Augusta and all of Maine need a long-term waste management plan, with the goal of eliminating waste generation. Many effective source reduction plans are being developed worldwide, such as Zerowaste New Zealand and the German Green Dot Program.

The proposed waste-to-diesel facility proposed for Augusta does not address the goal of source reduction. It encourages waste production. It would destroy current recycling and recycling infrastructure.

Since 2008, Maine has experienced a 20 percent drop in waste volume because of recycling and a slow economy. With continued recycling, waste volume will decrease. A substantial reduction of waste means less air, water and land pollution, and a healthier environment.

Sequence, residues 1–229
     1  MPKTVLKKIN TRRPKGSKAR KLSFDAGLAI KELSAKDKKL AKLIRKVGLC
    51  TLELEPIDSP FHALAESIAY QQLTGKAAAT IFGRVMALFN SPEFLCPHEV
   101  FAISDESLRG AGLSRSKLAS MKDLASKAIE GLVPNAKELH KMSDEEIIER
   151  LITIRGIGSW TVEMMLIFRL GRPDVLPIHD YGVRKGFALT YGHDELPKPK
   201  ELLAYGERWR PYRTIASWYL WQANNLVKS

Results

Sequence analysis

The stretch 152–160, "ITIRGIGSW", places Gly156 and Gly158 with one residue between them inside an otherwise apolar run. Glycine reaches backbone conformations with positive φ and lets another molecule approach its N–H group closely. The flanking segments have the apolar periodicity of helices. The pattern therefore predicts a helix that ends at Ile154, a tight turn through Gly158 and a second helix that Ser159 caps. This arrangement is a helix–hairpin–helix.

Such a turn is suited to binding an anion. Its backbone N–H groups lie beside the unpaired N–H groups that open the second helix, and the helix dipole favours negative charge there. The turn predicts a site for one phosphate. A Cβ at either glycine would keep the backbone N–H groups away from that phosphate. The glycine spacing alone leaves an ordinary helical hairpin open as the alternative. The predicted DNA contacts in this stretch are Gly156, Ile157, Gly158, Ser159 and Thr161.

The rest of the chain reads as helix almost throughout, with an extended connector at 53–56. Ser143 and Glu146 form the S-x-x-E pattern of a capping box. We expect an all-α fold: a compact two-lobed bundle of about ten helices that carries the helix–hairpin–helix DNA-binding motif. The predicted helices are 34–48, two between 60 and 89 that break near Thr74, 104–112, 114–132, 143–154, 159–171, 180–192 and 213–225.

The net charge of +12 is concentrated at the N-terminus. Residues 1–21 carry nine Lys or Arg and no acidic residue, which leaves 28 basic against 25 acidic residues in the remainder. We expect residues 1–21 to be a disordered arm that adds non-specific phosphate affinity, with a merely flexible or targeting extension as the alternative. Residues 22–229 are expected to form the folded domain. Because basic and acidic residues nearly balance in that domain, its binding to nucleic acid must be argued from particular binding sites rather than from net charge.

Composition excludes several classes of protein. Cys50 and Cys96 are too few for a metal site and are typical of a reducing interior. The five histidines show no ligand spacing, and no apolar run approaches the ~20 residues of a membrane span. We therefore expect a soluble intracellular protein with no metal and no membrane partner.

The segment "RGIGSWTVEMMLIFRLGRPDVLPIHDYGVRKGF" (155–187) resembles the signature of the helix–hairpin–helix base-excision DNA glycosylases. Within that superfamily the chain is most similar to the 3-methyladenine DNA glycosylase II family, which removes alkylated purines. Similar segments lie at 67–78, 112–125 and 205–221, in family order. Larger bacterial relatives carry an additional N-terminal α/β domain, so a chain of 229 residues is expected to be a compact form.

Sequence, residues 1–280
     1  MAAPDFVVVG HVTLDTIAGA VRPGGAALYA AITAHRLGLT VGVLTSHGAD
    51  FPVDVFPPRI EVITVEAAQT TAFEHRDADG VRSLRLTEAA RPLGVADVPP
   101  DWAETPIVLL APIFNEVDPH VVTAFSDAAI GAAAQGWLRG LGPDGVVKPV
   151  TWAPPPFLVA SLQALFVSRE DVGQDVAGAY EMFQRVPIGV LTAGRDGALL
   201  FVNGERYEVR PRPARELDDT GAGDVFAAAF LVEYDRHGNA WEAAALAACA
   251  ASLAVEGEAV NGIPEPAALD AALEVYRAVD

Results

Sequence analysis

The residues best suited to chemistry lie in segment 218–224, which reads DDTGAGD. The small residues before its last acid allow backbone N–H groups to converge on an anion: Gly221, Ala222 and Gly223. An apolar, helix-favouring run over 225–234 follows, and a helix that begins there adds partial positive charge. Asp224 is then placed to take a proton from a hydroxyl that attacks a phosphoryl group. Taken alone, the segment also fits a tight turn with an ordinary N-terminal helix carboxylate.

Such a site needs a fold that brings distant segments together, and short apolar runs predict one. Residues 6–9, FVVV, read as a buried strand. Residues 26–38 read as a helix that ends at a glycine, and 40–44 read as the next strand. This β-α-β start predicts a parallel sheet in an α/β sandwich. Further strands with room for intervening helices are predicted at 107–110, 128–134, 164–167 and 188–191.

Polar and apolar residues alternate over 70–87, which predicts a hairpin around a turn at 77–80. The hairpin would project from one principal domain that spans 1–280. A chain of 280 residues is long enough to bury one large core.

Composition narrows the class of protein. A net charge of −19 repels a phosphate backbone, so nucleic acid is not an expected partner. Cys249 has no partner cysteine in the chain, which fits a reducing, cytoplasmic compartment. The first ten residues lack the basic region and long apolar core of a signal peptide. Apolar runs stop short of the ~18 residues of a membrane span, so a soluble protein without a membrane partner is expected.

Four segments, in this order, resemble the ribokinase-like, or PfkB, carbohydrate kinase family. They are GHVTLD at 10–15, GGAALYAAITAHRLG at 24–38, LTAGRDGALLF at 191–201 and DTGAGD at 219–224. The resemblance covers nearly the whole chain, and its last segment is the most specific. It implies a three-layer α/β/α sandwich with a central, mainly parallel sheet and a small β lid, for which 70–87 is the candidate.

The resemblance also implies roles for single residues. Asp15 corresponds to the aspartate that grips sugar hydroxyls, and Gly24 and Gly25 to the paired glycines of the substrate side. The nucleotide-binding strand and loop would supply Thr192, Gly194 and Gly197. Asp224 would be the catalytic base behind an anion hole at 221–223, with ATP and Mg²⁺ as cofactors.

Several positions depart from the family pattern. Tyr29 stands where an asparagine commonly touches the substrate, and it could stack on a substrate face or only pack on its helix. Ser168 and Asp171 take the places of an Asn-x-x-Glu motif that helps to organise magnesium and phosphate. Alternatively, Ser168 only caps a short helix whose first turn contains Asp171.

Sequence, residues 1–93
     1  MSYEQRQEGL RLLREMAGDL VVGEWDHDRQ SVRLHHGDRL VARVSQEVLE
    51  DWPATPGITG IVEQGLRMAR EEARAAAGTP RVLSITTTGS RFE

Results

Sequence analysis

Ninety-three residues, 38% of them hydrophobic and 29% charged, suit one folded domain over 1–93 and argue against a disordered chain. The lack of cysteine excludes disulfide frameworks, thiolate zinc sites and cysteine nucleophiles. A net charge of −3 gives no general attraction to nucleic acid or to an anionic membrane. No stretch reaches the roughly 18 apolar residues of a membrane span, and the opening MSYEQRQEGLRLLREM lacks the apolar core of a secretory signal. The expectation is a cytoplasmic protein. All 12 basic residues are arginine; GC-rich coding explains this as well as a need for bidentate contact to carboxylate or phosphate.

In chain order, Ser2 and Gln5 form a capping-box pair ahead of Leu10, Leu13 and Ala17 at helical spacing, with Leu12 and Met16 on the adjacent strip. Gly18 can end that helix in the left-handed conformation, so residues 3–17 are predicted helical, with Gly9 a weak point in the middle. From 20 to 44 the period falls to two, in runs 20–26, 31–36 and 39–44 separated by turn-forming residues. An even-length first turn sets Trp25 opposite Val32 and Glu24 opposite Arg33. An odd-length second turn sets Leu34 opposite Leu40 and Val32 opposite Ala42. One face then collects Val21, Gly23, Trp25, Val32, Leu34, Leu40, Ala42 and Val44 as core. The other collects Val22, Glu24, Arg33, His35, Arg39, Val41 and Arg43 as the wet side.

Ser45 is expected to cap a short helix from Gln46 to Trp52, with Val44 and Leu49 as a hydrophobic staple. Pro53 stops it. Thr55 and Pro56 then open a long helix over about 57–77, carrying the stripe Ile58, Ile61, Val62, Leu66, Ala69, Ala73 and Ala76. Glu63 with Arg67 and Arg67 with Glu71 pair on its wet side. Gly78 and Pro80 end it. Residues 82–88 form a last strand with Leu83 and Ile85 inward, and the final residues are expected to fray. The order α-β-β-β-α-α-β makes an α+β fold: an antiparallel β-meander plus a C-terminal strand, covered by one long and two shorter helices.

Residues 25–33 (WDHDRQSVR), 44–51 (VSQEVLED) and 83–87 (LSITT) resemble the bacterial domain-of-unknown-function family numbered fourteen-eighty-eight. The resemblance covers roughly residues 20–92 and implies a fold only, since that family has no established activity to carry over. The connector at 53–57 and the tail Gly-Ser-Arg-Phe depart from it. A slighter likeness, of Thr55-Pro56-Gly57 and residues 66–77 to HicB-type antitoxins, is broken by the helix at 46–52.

Trash is not just a local problem. To handle waste while working on source reduction, cities and towns must work together to use facilities. Since 2008, four Maine waste-to-energy plants did not have enough waste to burn to fulfill long-term energy contracts. MERC in Biddeford and PERC in Orrington began importing even more waste from out of state; ecomaine in Portland began digging up old landfills; and MMWAC in Auburn started diverting waste from other landfills.

With no waste management goals to guide decision making, the Augusta proposal may look viable. Promises, no track record, a new company and a first plant, however, may leave Augusta with a physical and financial mess to clean up.

Ed Crofton says the new plant “produces very little, or no emissions.” It is unclear how all the toxic waste, plus conversion and purification processes, and proprietary technology will not produce toxic air and solid pollutants.

And what kind of wastes will be burned: tires, new mercury light bulbs?

Maine needs sustainable solutions to reduce waste generation and toxic air pollution.

Sandra Redemske


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